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Monday
May212012

Is it time to opt out of the culture of speed?

All over the United States and indeed the world, people are riding bicycles. Forget about saving the planet, that is not the reason; it is a satisfying and civilized way to travel. Faster and more efficient than walking, and for not much more energy input; compared to driving a person is burning calories rather than gasoline.

A person riding to work each day on his bicycle is traveling for free; he gets there in only slightly less time that his colleague who drives. In some congested cities the cyclists gets there faster. He has not had to allot time to exercise or pay gym fees. When he gets to his destination he has fewer problems with parking.

Many more people would ride bicycles but they are afraid of being hit by cars. There are still a those who will try to intimidate and bully anyone in their way. The whole “Share the Road” concept is flawed in that it implies that the roads are for cars and cyclists are asking drivers to share space with them.

This is not the case; public roads are just that, “Public.” They are there for people to travel from their home to where ever they need to be. The right is for the person to travel, not according to the persons’ mode of transport.

There is no pleasure in driving anymore; it is the myth and the lie being sold to the public by the auto-makers.

Look at any car ad on TV and what do you see? The obligatory slow motion shot of a car sliding sideways in a controlled skid; cars driving at break neck speed on deserted streets and highways.

This is not reality; on today’s congested roadways, not only is driving fast impractical, it is downright dangerous. And what useful purpose does it serve? There is a legitimate argument for being allowed to maintain high speeds for long journeys on freeways that traverse miles and miles of open countryside.

However, when freeways approach cities and become congested, there is a definite need to slow to the same speed as everyone else. It is the driver trying to maintain his high rate of speed under these conditions that not only cause accidents, but cause people to brake and in turn lead to the stop and go traffic conditions that are all too familiar.

The best thing a person can do is to realize that getting from A to B is a necessity; so if you can’t make it a pleasure then at least make it stress free. Opt out of the culture of speed; slow down and relax.

Speed limits need to be lowered to 20mph in crowded city centers where there are many pedestrians and cyclists. Would such a speed limit have a great impact on peoples’ over all drive time?

In most cases drivers simply accelerate to race from one traffic light to the next. On long stretches of highway, traffic lights can be timed so someone driving the speed limit can have green lights all the way through a town.

The faster cars go the more space is needed between each car. Therefore, people moving slower but continuously in a procession can travel closer to each other. This means traffic is moving slower but on any given stretch of highway it is carrying a larger volume of vehicles. So is the overall flow of vehicles per hour that much less? Bottom line is; people still get to where they need to be.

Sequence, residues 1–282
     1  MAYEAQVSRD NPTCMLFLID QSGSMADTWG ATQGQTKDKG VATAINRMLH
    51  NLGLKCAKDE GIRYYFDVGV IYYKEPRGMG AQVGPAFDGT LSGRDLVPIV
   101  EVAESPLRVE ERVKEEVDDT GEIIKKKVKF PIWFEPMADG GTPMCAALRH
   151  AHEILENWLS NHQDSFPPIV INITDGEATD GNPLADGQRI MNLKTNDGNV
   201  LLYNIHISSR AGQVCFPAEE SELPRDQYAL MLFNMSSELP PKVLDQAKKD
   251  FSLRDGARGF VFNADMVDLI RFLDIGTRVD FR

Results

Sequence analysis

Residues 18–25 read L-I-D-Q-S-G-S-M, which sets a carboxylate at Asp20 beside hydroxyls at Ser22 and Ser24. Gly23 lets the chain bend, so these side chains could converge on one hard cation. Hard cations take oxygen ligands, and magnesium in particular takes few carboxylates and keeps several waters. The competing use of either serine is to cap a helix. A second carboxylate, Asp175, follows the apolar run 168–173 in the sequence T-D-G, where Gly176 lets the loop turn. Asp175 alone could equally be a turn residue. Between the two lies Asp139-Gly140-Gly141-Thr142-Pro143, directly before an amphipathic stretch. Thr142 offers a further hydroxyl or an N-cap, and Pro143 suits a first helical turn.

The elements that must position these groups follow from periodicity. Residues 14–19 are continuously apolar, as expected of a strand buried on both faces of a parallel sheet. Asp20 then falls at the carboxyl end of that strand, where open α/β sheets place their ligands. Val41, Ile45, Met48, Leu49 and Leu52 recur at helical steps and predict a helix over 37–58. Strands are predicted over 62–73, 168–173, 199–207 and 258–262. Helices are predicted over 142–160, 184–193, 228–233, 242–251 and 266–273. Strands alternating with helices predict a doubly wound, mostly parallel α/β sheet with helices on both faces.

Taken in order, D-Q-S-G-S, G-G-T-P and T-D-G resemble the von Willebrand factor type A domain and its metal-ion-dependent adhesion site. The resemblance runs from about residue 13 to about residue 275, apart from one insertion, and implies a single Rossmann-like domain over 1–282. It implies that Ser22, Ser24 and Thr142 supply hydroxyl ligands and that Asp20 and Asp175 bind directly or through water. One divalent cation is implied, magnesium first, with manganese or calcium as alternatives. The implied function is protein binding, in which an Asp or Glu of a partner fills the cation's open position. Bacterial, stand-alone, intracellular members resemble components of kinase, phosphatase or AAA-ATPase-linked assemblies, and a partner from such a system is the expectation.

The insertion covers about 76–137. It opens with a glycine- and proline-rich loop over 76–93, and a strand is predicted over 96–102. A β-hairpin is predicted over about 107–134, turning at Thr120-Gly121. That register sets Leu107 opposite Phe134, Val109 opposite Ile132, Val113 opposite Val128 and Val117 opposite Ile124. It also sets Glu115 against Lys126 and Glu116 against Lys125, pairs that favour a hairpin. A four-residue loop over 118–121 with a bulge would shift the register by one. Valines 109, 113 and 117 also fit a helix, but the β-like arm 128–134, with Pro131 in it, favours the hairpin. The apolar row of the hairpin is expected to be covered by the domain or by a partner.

The world is becoming more and more crowded; populations are exploding everywhere including the US. Every person who rides a bicycle is taking one more car off the road, making more room for those who choose to drive.

Wouldn’t life be a little more pleasant if everyone slowed down a notch? So what if it took you five or ten minutes longer to get to work, at the end of each day would that make a huge difference? Of course wishing for this is wishing for Utopia; but who would argue that it would be better if less people had to die on our roads.

The cities across America that have adopted a “Bicycle Friendly” program, have found that when more people ride bicycles the overall speed of traffic slows. With that comes less fatalities, not just for cyclists, but across the board for pedestrians and motorists too.

 

                         

Reader Comments (12)

A good post
Its no coincidence that riding between about 4.30 and 6.00pm when everyone is rushing home in their cars from work is the worst time for a cyclist.
I got hit last year by a van who cut across me and I only just managed to flick my back wheel to avoid the hit being much worse.
The usual i didnt see you mate was his choice of words.
You could see he was in too much of a hurry to get home.
I personally would like to see more 20mph areas

May 21, 2012 | Unregistered CommenterDarren h

Got that exactly right.

May 22, 2012 | Unregistered CommenterJack

Dave writes,

...public roads are just that, “Public.” They are there for people to travel from their home to where ever they need to be. The right is for the person to travel, not according to the persons’ mode of transport.

Look here for a middle school that attempted (and, has been successful, so far) in determining what kind of transportation is allowed on a public road. As you might imagine, student bicycles aren't allowed.

An assistant principal, Robert Loggins, found Janette in front of the school, waiting for a lull in the traffic so she could depart. Adam [her son] had already gone inside.

"What are you doing here?" Loggins asked Janette.

Janette thought this an odd question. "It's Bike to Work Day," she said. "Did you ride your bike to school?"

"Bicycling isn't allowed at Maple Avenue School," said Loggins.

Janette did a double take. "You're kidding me," she said. "Right?"

Loggins wasn't smiling. He said that Adam's bike would be placed in the school's boiler room, and Janette should come back and get it later that day in her car.

The "need" to hurry up and be somewhere is surely part of the motivation for wanting to restrict access. A sense of entitlement because it's "always been true" that the roads were built for cars is also part of the access issue. I also think that it's just to darned "inconvenient" to accommodate, because that means, I have to change my approach, and I don't want to, is hidden among all the other reasons people might offer.

That culture of speed, Dave, permeates a good portion of American life. Faster computers, faster check out lanes at the grocers, faster assembly lines at the manufacturers. Efficiency = Speed. Except when it doesn't, of course. But, that's the default position; the underlying assumption. We can talk about safety, but when safety appears to interfere with efficiency, it's a tough concept to sell.